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Neural Plasticity
Volume 2016 (2016), Article ID 4307694, 12 pages
Research Article

Training-Induced Functional Gains following SCI

1Department of Anatomical Sciences & Neurobiology, University of Louisville, Louisville, KY 40202, USA
2Kentucky Spinal Cord Injury Research Center, University of Louisville, Louisville, KY 40202, USA
3Frazier Rehab Institute, University of Louisville, Louisville, KY 40202, USA
4Department of Neurological Surgery, University of Louisville, Louisville, KY 40202, USA

Received 15 February 2016; Accepted 27 April 2016

Academic Editor: Malgorzata Kossut

Copyright © 2016 P. J. Ward et al. This is an open access article distributed under the Creative Commons Attribution License, which permits unrestricted use, distribution, and reproduction in any medium, provided the original work is properly cited.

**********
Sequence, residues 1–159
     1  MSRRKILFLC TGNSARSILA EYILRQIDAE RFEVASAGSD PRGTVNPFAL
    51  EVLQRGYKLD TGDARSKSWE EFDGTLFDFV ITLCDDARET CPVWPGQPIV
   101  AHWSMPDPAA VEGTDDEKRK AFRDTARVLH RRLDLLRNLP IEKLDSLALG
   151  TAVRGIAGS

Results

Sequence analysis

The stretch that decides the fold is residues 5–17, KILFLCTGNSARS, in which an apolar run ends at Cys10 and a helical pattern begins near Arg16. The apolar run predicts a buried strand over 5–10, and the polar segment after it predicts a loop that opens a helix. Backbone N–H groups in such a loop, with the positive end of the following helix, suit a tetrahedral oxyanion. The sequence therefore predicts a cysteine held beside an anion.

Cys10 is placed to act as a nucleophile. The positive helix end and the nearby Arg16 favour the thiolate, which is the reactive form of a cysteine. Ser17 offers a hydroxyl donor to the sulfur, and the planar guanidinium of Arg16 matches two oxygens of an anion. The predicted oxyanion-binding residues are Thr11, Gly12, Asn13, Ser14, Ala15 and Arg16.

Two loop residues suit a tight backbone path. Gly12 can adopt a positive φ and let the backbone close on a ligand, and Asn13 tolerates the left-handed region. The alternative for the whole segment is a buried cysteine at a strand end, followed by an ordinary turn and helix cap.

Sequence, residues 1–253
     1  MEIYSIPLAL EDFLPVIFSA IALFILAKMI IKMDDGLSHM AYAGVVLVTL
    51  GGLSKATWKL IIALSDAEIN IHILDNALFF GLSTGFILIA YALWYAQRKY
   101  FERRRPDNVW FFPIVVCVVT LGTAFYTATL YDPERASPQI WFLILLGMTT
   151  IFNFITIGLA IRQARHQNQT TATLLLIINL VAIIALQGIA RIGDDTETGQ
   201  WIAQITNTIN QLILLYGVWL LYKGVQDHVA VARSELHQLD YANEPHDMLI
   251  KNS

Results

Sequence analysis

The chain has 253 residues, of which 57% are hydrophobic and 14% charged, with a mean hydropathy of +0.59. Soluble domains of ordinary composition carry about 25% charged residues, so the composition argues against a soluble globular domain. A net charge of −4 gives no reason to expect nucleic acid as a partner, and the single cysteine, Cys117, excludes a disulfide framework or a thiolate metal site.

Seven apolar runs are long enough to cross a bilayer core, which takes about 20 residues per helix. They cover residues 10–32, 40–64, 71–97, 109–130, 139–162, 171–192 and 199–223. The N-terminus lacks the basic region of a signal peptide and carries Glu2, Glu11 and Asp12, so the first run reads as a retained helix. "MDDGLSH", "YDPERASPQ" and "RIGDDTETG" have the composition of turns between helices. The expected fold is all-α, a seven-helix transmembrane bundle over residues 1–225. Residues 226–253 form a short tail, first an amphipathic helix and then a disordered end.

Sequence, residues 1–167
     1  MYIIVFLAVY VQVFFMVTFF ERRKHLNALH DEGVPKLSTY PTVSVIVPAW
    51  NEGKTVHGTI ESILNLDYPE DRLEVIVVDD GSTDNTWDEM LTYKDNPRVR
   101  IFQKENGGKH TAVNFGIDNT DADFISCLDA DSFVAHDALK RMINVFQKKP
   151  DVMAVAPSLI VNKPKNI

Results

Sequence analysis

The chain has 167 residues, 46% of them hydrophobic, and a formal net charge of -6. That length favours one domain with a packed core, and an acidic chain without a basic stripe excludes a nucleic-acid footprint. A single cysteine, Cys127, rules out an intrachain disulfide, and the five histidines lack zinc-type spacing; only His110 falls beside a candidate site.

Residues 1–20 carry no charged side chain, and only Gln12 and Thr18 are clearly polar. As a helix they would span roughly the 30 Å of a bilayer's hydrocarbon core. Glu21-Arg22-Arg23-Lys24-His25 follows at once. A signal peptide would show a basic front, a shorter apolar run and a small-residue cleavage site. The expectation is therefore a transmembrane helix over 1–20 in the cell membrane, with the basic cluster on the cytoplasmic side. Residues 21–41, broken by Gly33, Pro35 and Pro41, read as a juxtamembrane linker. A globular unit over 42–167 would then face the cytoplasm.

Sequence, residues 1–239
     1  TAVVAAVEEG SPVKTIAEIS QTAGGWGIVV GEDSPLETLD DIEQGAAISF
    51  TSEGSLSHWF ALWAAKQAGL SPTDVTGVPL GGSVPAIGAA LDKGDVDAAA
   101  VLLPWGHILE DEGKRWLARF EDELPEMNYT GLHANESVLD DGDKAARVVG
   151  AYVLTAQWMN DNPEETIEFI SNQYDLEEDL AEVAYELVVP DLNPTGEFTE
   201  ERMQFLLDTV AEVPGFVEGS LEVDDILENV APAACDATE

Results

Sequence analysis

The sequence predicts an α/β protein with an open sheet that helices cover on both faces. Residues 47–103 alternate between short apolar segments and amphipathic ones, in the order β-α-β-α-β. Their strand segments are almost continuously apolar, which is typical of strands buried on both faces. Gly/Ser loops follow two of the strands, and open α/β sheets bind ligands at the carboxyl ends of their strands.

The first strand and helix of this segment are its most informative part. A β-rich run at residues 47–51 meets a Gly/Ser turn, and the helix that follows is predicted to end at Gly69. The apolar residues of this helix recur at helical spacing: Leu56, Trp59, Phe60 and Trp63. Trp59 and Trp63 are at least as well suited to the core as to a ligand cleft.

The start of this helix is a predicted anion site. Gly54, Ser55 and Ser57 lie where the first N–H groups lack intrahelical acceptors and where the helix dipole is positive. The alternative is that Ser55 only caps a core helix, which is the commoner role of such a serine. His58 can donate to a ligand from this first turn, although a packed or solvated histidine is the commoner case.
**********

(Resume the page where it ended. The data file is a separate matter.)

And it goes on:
We previously demonstrated that daily, hour-long training sessions significantly improved both locomotor (limb kinematics, gait, and hindlimb flexor-extensor bursting patterns) and nonlocomotor (bladder function and at-level mechanical allodynia) functions following a moderate contusive spinal cord injury. The amount of training needed to achieve this recovery is unknown. Furthermore, whether this recovery is induced primarily by neuronal activity below the lesion or other aspects related to general exercise is unclear. Therefore, the current study objectives were to (1) test the efficacy of 30 minutes of step training for recovery following a clinically relevant contusion injury in male Wistar rats and (2) test the efficacy of training without hindlimb engagement. The results indicate that as little as 30 minutes of step training six days per week enhances overground locomotion in male rats with contusive spinal cord injury but does not alter allodynia or bladder function. Thirty minutes of forelimb-only exercise did not alter locomotion, allodynia, or bladder function, and neither training protocol altered the amount of in-cage activity. Taken together, locomotor improvements were facilitated by hindlimb step training for 30 minutes, but longer durations of training are required to affect nonlocomotor systems.